Solo Librarians as Information Servers

cartoon of a juggling man riding a unicycle inside a library

Guest post by Louise McLaughlin, MSLS, Information Specialist at Woman’s Hospital in Baton Rouge, Louisiana.

As information flows from the data collection pipeline to research, curation, and publication, hospital librarians, especially those who practice closely with health care providers, become the human face of information servers. And like those data processing units that serve numerous users, these librarians, many of whom work alone as solo librarians, must be prepared to fill requests from all quarters.

Consider, for example, the following vignettes:

The Chief Operating Officer is launching the next phase of a project to reduce perinatal mortality and preterm births. The librarian continually provides the physicians, nurses, and social workers on the project committee with research articles on emerging causes, new treatments, and community-health approaches to improving outcomes.

A pre-op nurse talks with a colleague about a practice difference they have in monitoring a patient. She wants to know what the evidence says.

A nurse educator asks for help proofreading an article about a successful quality improvement project and confirming the proper citation format for the references.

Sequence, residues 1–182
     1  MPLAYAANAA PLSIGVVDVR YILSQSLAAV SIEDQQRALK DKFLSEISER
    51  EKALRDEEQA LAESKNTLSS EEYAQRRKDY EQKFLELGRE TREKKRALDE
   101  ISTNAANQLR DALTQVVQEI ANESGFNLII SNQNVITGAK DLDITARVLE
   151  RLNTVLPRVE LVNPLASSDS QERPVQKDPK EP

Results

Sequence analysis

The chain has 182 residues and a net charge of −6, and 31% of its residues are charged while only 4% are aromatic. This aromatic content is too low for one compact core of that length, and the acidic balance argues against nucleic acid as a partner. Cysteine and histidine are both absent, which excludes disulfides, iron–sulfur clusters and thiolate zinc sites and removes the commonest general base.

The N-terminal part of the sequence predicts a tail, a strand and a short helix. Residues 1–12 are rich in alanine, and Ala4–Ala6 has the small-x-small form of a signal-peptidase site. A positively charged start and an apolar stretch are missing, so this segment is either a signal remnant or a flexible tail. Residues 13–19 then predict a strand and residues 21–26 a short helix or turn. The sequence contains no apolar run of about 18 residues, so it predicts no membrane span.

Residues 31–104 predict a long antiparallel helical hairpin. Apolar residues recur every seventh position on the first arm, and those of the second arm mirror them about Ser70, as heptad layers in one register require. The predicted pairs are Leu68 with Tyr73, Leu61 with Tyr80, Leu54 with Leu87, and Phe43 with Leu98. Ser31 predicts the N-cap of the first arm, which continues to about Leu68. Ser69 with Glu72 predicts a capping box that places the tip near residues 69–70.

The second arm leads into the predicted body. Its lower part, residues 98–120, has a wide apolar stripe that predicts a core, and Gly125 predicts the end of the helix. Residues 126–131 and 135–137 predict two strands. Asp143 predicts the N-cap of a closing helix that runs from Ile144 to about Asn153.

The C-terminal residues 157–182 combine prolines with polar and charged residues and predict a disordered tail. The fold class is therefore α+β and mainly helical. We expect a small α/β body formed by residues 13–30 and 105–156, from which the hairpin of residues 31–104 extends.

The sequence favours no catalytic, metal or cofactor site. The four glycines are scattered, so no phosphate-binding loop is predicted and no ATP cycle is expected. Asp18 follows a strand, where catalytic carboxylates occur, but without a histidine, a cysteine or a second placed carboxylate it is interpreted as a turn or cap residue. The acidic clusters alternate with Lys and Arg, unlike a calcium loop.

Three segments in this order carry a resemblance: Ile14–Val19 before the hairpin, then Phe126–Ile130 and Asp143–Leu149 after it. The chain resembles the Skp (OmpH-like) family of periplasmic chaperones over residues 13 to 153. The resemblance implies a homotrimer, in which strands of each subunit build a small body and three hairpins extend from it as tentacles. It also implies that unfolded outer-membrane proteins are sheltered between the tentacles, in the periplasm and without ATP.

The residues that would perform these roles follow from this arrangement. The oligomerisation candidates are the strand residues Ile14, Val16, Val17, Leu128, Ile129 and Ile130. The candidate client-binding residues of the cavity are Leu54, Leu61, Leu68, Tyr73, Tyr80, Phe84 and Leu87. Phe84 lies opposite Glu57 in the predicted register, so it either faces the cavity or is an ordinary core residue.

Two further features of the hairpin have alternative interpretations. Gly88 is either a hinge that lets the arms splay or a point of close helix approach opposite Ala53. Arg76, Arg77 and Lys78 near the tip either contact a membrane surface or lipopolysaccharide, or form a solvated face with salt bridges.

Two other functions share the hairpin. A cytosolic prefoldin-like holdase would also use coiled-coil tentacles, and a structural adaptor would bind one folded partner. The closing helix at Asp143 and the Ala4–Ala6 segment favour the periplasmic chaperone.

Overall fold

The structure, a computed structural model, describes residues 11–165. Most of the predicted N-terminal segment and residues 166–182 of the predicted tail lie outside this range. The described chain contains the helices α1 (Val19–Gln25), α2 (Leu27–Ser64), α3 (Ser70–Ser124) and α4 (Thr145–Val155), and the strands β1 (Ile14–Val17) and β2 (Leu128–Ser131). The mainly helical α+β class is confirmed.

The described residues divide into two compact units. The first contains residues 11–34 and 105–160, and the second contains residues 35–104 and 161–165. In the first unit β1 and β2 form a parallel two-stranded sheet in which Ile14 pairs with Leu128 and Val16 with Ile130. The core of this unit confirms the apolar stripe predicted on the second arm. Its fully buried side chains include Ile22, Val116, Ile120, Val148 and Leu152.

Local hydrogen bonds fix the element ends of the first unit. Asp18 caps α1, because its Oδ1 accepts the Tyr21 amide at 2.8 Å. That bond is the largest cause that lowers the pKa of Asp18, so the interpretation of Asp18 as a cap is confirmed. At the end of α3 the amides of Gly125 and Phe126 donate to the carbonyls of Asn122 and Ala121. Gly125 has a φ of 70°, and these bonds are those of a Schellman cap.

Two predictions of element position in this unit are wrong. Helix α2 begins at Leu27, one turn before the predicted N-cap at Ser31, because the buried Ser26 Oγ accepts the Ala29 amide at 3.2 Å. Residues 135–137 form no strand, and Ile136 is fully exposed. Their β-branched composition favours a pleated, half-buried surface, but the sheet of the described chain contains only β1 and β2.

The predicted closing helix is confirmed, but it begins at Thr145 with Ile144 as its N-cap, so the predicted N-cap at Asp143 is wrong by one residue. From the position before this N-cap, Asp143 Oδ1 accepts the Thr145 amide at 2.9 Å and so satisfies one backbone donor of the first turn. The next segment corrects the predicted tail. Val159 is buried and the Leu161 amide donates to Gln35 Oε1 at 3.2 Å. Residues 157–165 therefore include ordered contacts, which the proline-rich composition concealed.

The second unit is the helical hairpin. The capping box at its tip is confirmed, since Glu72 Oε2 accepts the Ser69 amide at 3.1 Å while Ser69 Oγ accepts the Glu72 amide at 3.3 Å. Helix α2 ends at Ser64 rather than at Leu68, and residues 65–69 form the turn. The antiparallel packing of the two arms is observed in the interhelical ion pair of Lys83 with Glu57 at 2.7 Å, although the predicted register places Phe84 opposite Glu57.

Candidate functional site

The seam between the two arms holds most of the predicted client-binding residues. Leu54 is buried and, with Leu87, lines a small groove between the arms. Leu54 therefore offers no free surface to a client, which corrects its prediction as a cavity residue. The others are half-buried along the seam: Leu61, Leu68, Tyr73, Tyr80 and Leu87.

A physician teaching medical students in Mongolia about the latest updates in women’s health asks, “Can you gather research articles that would address their population on this list of topics?”

The marketing department is updating the hospital’s website. They want to know where they can find consumer-friendly health care definitions.

Sometimes, that can all happen in one day!

But answering questions is not all we do.

A 2016 survey of solo librarians garnered responses from 383 professionals who reported on job duties. Using a pick list, respondents identified an average of nine different job duties for which they were responsible, from a high of 17 to a low of five. (To the best of the authors’ knowledge, no data exists regarding the total number of solo librarians in health care, so the survey results are limited.)